The New LaserdiscApril 30, 2006
Back in what I'll call "the VHS era," there was an alternative means for videophiles to get their fix - the laserdisc. Despite delivering suprior picture and audio quality than a standard videotape, the laserdisc never gained mass popularity. The main reason was that it was too bulky. At about the same size as an LP and twice as heavy, it was unwieldy. Also, unless you had a home theater setup of sorts (pretty rare in those days), the difference between VHS and laserdisc wasn't staggering. The smaller the TV set and the less impressive the speaker system, the closer in quality the two were. In fact, on an 18" set with no external speakers, you would be hard-pressed to tell the difference. Nevertheless, there were enough enthusiasts to keep laserdiscs alive. It was the DVD, not VHS, that killed them.
DVDs started becoming popular in 1997. By 1998 or 1999, they had eliminated laserdiscs as the format of choice for home theater buffs. A few years later, they effectively eliminated videotapes. (Technology marches in strange ways. I can remember when VHS was new and exciting.) DVDs possessed three major qualities that allowed them to supplant VHS. They were more portable and durable. They were cheaper. And they offered enough of an improvement in quality that even those people with 18" TVs and no speakers could tell the difference.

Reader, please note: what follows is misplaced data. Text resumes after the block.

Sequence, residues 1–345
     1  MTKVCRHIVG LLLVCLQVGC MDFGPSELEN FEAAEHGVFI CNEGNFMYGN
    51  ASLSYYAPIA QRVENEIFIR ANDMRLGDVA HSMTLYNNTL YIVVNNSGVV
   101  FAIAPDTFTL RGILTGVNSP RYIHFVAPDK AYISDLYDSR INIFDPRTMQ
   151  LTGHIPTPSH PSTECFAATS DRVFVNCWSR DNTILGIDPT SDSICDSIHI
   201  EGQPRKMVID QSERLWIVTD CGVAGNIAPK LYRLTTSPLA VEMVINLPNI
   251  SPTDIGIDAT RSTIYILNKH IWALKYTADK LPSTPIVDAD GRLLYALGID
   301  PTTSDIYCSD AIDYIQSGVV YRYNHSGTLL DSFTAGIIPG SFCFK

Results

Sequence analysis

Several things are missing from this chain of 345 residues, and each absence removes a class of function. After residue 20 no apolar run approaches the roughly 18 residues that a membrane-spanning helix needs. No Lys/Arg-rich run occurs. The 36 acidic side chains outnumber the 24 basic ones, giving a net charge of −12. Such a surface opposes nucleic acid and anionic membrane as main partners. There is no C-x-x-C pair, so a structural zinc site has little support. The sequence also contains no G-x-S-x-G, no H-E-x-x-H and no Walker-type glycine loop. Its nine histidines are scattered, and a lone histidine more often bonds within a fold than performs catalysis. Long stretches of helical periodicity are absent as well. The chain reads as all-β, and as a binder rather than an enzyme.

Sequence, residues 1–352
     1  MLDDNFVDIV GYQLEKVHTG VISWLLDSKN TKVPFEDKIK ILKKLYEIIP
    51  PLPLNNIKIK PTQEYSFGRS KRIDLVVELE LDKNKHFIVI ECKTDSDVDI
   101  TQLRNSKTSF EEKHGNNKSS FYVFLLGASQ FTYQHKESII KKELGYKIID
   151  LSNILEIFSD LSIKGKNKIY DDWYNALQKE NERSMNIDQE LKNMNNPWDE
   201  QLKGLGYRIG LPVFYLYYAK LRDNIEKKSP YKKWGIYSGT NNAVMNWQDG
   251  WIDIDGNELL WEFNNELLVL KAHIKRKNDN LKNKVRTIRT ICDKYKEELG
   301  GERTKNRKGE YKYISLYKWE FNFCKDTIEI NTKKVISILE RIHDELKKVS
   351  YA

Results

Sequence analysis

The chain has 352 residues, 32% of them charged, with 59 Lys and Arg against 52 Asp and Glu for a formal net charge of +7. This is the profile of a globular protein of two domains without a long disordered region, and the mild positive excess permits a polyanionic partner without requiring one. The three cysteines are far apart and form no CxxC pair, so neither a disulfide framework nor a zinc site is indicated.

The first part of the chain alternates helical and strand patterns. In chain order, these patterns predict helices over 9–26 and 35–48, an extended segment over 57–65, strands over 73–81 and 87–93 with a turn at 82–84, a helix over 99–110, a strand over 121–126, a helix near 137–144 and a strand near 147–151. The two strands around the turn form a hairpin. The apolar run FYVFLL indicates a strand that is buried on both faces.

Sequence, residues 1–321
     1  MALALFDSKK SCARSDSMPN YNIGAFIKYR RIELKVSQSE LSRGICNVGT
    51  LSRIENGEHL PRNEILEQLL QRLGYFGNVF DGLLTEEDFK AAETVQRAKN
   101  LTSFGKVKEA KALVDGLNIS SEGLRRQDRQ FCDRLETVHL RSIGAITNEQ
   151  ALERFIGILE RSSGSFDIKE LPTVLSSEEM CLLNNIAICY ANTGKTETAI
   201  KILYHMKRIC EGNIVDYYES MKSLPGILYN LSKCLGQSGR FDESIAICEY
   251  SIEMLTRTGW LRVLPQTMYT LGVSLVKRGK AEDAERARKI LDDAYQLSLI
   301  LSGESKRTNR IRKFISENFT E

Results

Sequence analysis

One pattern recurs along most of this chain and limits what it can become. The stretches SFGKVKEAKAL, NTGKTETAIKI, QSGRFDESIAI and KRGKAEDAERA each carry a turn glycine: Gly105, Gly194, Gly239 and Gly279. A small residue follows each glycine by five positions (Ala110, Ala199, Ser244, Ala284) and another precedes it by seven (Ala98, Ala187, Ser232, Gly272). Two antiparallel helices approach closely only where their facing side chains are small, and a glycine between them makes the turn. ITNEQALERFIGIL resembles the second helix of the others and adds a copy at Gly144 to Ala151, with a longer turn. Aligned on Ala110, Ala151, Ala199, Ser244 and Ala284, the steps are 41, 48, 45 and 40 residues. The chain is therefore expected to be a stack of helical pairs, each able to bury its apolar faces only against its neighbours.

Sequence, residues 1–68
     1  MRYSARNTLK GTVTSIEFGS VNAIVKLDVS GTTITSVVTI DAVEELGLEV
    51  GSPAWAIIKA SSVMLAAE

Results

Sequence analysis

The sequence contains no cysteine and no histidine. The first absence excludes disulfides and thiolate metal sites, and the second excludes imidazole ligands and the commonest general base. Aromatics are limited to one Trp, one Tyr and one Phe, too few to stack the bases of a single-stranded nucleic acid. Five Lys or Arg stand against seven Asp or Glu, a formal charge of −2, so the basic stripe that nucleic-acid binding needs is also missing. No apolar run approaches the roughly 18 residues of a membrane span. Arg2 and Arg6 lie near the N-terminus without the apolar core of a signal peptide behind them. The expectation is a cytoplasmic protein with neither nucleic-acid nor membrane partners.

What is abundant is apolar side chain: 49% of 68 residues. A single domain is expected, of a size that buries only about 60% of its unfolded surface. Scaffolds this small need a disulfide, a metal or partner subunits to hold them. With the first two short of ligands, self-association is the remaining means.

Now it's time for the next chapter to be written. The problem is in determining who the starring character is going to be. For a long time, it looked like high-def DVDs were going to be the next hot commodity. But now I'm betting they'll be the new laserdisc. There are significant issues that will likely prevent HD-DVD (or Blu-Ray) from achieving the kind of widespread accceptance enjoyed by conventional DVDs. The format war is only the tip of the iceberg. Players are expensive, and likely won't come down in price the way DVD players have. At this time, a majority of consumers don't have the equipment to support HD anything. And, perhaps most critically, while high def DVDs represent an increase in video/audio quality, it's not as dramatic as one might expect (certainly nothing close to what was gained by changing from VHS to DVD). It's better, but is it worth upgrading a system for? Is it worth re-buying a DVD collection (or a portion of one)?
Most consumers are probably going to answer this with a resounding "no." They're happy with conventional DVDs and the mild upside of the high def sibling won't be enough to lure them into the new camp. But the die-hards - those who adopted laserdiscs 10-15 years ago, will jump in feet-first. It's unlikely that high def DVDs will fail. But expecting them to have the same kind of success as DVDs in the late '90s and early '00s in not realitistic.
The longer the format war drags on, the more problematic any adoption of high def DVD will be. That's because the next generation of video - downloadable, super-quality movies - isn't far off. I'm not referring to the rip-offs about to be offered by the studios for $20 a pop. I'm referring to the next generation of on-demand movie-watching, where computers and video systems merge and massive libraries of stored content are available in soft copy. How far in the future is this? Five years? Seven years? No more than ten... When that arrives, it will represent the beginning of the end of the DVD, both conventional and high def. The longer it takes everyone to agree on one high def standard, the shorter the lifespan of the format will be. That's something to consider when you go holiday shopping this year.
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